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The newly-discovered Siats meekerorum was about 30 feet long and weighed about four tons — and likely competed with T-Rex.
Scientists have found a new carnivorous dinosaur species in Utah, a tremendous beast that may have competed with the world-famous Tyrannosaurus Rex for survival.
Tyrannosaurus Rex may be the most popular flesh-eating dinosaur, but there were other impressive contender — such as the newly identified Siats meekerorum, a member of the same flesh-eating family as T-Rex, although not a close relation. It is the largest predatory dinosaur to be identified and named in North America in 63 years.
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Siats meekerorum last walked the earth around 100 million years ago, meaning that it existed during a transitional period when T-Rex was not the dominant saurian predator, according to a press release from the Field Museum in Chicago.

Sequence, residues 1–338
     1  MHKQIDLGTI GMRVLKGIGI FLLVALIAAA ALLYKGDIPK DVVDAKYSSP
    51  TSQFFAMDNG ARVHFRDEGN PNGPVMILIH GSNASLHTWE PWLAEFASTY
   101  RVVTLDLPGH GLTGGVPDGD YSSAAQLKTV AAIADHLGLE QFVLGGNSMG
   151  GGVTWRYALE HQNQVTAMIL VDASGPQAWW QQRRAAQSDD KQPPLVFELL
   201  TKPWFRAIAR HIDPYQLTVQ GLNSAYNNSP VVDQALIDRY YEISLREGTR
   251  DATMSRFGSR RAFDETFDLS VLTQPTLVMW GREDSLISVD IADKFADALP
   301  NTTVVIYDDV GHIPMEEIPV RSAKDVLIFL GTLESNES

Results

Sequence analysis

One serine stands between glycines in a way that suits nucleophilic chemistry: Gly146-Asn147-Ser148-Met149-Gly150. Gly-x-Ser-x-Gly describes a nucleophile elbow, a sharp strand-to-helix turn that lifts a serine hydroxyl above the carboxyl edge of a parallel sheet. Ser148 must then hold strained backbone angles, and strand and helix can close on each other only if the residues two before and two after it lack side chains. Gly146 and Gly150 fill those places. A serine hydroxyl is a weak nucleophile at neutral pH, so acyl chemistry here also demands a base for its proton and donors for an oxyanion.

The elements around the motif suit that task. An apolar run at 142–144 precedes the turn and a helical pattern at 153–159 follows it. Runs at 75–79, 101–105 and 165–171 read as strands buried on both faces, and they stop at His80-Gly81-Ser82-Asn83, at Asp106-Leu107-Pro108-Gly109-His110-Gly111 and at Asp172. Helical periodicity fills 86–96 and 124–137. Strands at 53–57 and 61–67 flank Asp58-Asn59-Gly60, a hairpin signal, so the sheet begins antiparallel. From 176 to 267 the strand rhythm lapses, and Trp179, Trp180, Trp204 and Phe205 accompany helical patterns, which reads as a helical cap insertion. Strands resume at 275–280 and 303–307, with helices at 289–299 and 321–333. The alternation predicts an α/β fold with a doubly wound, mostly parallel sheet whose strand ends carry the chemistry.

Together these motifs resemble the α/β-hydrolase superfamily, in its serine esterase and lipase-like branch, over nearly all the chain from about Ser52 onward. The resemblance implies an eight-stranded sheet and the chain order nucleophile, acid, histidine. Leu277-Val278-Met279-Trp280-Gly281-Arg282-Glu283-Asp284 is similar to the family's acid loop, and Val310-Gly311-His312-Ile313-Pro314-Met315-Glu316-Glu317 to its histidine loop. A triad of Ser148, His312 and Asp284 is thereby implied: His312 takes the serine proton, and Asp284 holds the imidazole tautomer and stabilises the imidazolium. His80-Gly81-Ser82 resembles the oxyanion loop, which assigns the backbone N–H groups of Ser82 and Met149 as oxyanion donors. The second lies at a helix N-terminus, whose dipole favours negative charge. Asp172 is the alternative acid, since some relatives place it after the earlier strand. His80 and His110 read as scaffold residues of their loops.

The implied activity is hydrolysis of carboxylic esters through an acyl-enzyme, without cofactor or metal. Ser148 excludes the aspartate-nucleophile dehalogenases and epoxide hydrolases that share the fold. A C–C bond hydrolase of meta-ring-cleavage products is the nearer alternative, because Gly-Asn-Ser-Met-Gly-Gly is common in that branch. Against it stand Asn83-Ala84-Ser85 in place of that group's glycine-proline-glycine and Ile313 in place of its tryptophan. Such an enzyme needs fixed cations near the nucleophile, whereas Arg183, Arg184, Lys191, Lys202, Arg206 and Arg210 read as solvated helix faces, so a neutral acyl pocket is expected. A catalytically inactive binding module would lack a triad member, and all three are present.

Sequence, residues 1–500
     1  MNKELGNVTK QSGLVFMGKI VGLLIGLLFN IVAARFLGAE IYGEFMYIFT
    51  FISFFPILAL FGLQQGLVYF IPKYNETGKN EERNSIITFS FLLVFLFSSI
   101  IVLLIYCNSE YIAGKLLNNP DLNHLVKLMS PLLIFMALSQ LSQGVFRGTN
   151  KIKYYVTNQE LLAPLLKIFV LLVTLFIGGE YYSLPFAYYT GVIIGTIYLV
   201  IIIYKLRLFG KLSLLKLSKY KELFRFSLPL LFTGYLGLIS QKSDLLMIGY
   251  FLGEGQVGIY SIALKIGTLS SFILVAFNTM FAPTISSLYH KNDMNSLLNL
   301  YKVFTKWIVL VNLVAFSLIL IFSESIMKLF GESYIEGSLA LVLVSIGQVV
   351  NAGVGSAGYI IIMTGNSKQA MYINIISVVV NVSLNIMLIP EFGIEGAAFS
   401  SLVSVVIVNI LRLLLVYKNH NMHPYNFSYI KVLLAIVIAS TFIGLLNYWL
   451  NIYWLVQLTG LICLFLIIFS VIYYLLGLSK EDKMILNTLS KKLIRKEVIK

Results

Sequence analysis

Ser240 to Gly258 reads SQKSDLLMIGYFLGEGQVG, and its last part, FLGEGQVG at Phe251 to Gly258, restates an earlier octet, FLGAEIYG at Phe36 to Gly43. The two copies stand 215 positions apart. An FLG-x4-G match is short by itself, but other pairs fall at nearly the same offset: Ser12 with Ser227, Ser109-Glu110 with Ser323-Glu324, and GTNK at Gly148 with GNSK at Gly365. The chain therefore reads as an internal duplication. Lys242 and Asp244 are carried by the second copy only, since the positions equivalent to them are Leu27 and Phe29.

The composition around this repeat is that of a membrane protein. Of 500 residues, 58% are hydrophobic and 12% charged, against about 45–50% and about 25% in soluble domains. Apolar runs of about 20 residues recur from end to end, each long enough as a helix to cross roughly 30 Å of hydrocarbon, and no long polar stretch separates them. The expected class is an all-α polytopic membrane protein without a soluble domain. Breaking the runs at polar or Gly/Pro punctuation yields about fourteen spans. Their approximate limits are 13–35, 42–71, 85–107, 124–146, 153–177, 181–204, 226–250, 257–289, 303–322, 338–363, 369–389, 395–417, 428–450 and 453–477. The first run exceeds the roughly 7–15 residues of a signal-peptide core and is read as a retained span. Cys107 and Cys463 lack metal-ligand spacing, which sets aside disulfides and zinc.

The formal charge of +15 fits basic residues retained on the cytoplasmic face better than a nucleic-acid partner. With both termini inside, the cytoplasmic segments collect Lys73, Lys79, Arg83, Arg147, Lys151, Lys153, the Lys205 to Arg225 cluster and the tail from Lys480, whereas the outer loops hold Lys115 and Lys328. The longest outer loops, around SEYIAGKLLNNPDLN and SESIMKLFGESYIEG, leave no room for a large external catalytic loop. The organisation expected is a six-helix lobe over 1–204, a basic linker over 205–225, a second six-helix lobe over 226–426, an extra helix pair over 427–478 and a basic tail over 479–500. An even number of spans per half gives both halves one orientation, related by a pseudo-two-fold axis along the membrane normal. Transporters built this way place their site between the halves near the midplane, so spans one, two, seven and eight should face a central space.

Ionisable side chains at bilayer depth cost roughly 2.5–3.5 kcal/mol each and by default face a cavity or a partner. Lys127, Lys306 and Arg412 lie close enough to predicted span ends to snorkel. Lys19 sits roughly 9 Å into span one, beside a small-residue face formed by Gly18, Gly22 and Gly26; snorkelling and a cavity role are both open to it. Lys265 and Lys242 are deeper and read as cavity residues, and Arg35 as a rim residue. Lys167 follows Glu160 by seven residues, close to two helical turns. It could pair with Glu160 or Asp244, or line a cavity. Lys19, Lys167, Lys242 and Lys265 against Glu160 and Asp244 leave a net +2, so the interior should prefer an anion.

Findings published in Nature Communications indicate that Siats meekerorum was the dominant predator in Cretaceous North America, and competed with small-bodied relatives of T-Rex for the same resources.
“The huge size difference certainly suggests that tyrannosaurs were held in check by carcharodontosaurs, and only evolved into enormous apex predators after the carcharodontosaurs disappeared,” said Chicago Field Museum of Natural History researc Peter Makovicky, in a release from the North Carolina Museum of Natural Sciences.
The discovery of this species in North America also indicates that gigantic, meat-eating dinosaurs were considerably more mobile than previously believed.
“This is the first evidence that these animals existed in North America,” said Pete Makovicky, Curator of Dinosaurs at The Field Museum in a press release.
“Until a few years ago, these dinosaurs were not known from northern continents, so we thought that the dinosaurs that roamed northern continents were distinct from those that lived on southern ones due to continental drift. As it turns out, finding closely related dinosaurs on multiple continents suggests that these animals were better able to cross barriers like spreading oceans than we previously thought.”